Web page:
Are the Republicans and the media finally discovering a critique that hits Obama at the core of his personality?
If the subhead in the print edition of today’s NYT story on the reassessment of the Afghan strategy is completely objective (“President Obama seemed to be searching for some middle ground”), McCain’s attack yesterday, and the vicious if subtle use of language he used to frame the attack, is certainly noteworthy.
Mr. McCain told the president that “time is not on our side.” He added, “This should not be a leisurely process,” according to several people in the room.
A few minutes later, Mr. Obama replied, “John, I can assure you this won’t be leisurely,” according to several attendees. “No one feels more urgency to get this right than I do.”
If you’ve been following The BAG for much time at all, you know a key motive for our existence is to watchdog the visual media when it comes to amplifying right wing narratives and lines of attack. I’m not saying that is exactly what is in play in the example above, but it is curious that McCain’s coded attack on Obama (using the term “leisurely” while soldiers are dying to imply Obama can’t make a decision) should coincide with a story that earned prominent play not in todays’ Arts section (at least, not in the print edition) but in the National section.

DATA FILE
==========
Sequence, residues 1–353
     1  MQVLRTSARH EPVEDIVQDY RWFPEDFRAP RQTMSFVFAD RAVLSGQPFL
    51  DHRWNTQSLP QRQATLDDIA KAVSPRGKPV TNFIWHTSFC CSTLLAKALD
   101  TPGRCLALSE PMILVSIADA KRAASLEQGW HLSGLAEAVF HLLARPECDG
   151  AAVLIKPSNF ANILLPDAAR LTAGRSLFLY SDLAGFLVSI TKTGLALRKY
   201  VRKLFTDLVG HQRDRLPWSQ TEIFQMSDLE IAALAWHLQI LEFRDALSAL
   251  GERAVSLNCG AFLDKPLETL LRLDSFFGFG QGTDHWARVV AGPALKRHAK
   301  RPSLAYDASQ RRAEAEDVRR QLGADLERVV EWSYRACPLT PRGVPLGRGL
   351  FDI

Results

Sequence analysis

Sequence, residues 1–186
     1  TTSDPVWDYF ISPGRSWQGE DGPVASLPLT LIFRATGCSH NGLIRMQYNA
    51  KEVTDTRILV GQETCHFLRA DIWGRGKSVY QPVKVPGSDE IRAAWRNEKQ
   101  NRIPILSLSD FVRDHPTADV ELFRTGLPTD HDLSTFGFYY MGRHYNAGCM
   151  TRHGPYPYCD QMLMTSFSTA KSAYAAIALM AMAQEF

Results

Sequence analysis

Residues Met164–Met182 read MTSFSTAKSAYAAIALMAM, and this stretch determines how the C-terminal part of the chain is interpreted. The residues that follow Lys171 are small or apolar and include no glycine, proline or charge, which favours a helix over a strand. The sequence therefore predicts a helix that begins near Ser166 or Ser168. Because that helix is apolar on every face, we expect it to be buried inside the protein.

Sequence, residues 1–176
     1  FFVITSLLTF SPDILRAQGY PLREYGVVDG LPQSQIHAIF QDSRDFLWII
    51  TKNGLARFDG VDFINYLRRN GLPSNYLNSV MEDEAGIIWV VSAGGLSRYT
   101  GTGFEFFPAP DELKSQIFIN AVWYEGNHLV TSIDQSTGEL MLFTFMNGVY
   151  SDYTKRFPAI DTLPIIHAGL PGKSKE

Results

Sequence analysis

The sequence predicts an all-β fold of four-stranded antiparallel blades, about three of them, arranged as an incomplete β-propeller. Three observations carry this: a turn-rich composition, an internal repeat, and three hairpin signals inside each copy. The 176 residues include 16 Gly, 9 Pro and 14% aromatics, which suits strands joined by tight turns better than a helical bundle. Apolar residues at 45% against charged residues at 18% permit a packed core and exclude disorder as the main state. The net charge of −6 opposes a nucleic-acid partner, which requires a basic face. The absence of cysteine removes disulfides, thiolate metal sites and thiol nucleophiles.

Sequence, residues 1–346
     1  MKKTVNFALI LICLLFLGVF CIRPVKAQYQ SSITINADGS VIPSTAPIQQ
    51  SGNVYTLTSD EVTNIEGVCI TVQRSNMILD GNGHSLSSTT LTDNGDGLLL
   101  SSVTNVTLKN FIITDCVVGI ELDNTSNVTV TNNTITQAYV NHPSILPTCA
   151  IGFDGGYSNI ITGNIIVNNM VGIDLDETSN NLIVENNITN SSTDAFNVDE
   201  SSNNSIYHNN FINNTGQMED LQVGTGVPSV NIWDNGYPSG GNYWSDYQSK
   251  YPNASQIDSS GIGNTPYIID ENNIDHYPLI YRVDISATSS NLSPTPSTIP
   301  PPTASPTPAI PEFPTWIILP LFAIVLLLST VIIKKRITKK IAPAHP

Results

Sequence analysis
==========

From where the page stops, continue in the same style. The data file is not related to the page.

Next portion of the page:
And what was that story exactly?
It details the Obama’s announcement yesterday that, by tradition, they had settled on 45 new pieces of art borrowed from Washington museums to decorate the White House residence. Now, I have no issue with the article itself but what I do find curious, however, is the one artwork out of the 45 that the editors settled on to highlight, a piece by Ed Ruscha feature in both the print and on-line editions of the story.
And then, maybe it’s just an innocuous thing, but are people that dense that the caption (‘I think I’ll … ‘ by the California artist Ed Ruscha. It deals with the subject of indecision.”) need belabor the obvious?
…By the way, I wouldn’t at all call Obama indecisive, but I do think he’s vulnerable here given his tendency to, as he frequently says, “take time to get it right,” and to use process (in many cases, extensive and time-consuming ones, as we’ve seen with health care) as both a philosophy and a strategy.
(image: Ed Ruscha via NYT)